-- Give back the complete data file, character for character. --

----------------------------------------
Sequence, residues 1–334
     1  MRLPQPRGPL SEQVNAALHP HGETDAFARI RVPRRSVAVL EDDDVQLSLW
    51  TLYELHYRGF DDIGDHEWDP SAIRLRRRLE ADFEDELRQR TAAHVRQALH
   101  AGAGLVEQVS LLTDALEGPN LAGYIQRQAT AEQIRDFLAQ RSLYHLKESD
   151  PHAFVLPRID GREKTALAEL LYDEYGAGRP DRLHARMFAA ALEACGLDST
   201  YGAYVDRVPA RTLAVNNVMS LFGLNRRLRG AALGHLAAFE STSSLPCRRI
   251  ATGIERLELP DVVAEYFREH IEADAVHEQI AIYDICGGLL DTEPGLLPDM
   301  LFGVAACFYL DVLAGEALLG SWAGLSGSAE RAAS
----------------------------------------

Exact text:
Sequence, residues 1–334
     1  MRLPQPRGPL SEQVNAALHP HGETDAFARI RVPRRSVAVL EDDDVQLSLW
    51  TLYELHYRGF DDIGDHEWDP SAIRLRRRLE ADFEDELRQR TAAHVRQALH
   101  AGAGLVEQVS LLTDALEGPN LAGYIQRQAT AEQIRDFLAQ RSLYHLKESD
   151  PHAFVLPRID GREKTALAEL LYDEYGAGRP DRLHARMFAA ALEACGLDST
   201  YGAYVDRVPA RTLAVNNVMS LFGLNRRLRG AALGHLAAFE STSSLPCRRI
   251  ATGIERLELP DVVAEYFREH IEADAVHEQI AIYDICGGLL DTEPGLLPDM
   301  LFGVAACFYL DVLAGEALLG SWAGLSGSAE RAAS